"Print will be around longer than the desktop," New York Times Publisher Arthur Sulzberger Jr. told a group of media professionals Thursday morning.
That's not to say that print will knock out computers, or anything like that, but that mobile devices are quickly eating into desktop dominance. The statement came as Mr. Sulzberger and Times CEO Mark Thompson talked at a Media Minds breakfast about the new subscription products and mobile apps they hope will refuel digital subcription growth at the company.
More than half of Times revenue now comes from the circulation side of the business, with a strong assist from digital subs, as advertising revenue continue to fall. But the Times only increased digital subscriptions by 33,000 in the fourth quarter of 2013, a bigger increase than the second or third quarter of last year but a smaller rise than in earlier periods.
The company recently said it will roll out a less expensive subscription product called NYT Now, which will have less content and cost about half as much -- $8 a month -- than a full-access Times' digital subscription. It's also planning apps around opinion and cooking, Mr. Sulzberger said.
During the roughly hour-long talk, Messrs. Thompson and Sulzberger took questions from Alex Jones, director of the Shorenstein Center on Media, Politics and Public Policy, as well as audience members. Mr. Thompson at one point stressed that the Times is still in the ad business even though a majority of its revenue stems from readers. He compared the newspaper to cable companies, with their revenue streams from both subscribers and advertisers.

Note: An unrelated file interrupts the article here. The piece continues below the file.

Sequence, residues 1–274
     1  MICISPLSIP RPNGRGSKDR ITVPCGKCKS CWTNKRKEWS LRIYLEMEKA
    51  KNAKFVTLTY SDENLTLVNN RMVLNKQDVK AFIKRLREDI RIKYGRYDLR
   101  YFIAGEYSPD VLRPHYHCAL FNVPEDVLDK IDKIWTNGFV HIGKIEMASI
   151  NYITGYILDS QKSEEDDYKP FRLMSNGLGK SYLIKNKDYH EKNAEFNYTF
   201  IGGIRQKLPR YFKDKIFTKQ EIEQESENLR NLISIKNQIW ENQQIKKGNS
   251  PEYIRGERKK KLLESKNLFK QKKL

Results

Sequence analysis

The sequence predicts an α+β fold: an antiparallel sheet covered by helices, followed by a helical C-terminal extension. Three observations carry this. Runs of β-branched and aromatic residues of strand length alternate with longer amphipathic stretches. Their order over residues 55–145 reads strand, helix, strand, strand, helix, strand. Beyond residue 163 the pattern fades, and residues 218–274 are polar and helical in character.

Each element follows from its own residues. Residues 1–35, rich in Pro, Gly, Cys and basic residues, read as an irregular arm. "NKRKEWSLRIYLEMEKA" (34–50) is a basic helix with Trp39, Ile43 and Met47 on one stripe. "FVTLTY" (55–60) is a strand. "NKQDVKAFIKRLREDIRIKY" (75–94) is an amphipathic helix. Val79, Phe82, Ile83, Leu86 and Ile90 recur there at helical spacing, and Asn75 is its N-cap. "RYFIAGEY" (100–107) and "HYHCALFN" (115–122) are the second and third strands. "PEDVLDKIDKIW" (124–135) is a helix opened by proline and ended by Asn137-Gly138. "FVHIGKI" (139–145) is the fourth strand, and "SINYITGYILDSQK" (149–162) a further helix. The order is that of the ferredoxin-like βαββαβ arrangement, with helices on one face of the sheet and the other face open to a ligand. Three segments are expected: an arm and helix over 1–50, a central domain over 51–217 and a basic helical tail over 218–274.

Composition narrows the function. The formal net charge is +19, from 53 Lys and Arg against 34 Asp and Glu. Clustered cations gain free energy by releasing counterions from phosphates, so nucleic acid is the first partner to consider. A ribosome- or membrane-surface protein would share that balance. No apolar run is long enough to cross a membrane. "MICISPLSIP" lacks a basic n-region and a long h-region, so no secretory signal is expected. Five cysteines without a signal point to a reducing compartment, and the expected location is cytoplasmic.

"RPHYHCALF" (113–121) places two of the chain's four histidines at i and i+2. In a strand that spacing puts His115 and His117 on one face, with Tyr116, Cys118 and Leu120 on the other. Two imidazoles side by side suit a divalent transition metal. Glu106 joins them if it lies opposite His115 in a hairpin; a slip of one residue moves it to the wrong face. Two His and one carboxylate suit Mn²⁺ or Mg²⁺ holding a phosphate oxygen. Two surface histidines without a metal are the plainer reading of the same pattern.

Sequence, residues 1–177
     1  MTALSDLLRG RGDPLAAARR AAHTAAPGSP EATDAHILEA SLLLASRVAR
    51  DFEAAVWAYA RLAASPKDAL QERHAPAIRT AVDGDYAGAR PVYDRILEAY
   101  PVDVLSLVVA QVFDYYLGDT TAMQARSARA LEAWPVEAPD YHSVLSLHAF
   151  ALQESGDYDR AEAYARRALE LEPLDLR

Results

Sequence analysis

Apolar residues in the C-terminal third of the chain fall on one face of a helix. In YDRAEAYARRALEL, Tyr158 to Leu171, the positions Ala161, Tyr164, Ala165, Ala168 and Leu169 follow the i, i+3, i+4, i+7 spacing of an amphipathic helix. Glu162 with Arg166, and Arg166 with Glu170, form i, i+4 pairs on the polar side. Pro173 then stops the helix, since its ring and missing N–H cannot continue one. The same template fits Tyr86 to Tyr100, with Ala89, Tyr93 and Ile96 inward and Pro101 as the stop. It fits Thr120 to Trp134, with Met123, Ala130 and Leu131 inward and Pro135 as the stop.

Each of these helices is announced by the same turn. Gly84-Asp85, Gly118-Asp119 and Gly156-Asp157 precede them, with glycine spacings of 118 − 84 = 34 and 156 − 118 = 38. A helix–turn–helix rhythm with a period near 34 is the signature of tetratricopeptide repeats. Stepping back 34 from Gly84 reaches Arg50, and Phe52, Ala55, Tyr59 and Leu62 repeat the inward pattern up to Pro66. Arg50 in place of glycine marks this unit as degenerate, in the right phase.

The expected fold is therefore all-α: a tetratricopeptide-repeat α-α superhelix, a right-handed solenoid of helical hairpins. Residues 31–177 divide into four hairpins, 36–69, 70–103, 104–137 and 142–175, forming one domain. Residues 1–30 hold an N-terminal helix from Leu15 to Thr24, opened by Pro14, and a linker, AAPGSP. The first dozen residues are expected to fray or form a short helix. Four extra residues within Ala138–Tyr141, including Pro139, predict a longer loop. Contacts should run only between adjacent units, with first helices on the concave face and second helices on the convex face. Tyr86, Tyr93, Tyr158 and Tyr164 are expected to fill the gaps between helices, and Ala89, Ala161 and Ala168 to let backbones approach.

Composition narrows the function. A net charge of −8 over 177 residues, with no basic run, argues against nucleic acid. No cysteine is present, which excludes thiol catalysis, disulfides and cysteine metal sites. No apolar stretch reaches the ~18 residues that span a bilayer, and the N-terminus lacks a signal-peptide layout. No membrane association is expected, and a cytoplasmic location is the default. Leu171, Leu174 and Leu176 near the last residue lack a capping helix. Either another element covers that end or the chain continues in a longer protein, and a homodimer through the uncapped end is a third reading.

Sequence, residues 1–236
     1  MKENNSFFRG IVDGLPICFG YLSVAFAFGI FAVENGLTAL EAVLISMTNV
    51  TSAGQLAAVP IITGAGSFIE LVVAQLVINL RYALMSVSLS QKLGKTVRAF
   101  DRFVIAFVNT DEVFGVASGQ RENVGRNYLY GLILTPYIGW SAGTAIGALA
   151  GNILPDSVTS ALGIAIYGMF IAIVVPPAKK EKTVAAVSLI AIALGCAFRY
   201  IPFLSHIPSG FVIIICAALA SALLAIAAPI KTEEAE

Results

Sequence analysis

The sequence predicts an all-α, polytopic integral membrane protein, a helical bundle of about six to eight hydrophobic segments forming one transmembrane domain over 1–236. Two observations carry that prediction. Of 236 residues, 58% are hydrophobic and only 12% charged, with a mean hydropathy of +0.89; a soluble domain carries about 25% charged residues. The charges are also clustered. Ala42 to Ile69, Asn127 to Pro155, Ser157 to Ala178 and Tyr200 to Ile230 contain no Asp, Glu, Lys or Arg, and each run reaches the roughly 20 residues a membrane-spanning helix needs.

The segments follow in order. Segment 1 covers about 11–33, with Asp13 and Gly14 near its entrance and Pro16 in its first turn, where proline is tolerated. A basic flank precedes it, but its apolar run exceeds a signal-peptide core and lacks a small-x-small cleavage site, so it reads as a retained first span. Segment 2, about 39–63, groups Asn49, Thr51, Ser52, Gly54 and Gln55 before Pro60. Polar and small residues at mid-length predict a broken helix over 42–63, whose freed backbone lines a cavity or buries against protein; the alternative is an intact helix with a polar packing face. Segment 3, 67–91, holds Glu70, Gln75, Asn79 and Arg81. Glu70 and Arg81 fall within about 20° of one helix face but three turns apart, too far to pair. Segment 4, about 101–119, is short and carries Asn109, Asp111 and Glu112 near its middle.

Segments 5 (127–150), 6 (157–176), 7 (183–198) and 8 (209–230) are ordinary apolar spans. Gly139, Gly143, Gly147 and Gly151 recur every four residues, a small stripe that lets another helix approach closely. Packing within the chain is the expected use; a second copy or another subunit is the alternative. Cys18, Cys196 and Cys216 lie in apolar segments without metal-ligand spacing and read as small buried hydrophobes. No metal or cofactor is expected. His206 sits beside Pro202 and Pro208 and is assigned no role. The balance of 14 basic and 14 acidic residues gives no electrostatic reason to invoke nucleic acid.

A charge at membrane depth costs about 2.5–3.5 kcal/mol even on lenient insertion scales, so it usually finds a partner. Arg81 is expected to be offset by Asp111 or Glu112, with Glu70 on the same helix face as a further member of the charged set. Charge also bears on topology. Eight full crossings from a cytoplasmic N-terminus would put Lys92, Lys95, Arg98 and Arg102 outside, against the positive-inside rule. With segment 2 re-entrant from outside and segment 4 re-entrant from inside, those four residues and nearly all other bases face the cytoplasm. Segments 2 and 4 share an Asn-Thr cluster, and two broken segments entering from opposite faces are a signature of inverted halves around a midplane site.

One of those streams -- advertising -- has shrunk for the Times in each of the last 13 quarters. In the fourth quarter, ad revenue declined 1.3% from the equivalent period a year earlier, with digital slipping 0.2% and print off 1.6%.
That was an improvement from previous quarters in 2013, however, when ad-revenue losses were steeper. And Mr. Thompson on Thursday renewed his pledge to restore the company's digital advertising to growth in 2014. One way of reaching this goal, he said, is through the native advertising product the Times rolled out in January.
Advertisers "want more than a banner ad," he said.
The Times wants that too. Most of its digital ad revenue still flows from banner ads, many of which are bought using programmatic technology, which Times executives have blamed for undermining ad rates online. Last month, the Times' first director of programmatic advertising left the company, a move that some people in the ad community thought reflected a deemphasis on programmatic selling.
But Mr. Thompson said the Times is working to actively engage around programmatic, though he admitted the Times is behind in the ad-tech space. "Digital advertising is rapidly changing," he said, before adding, "We've got some catching up to do."
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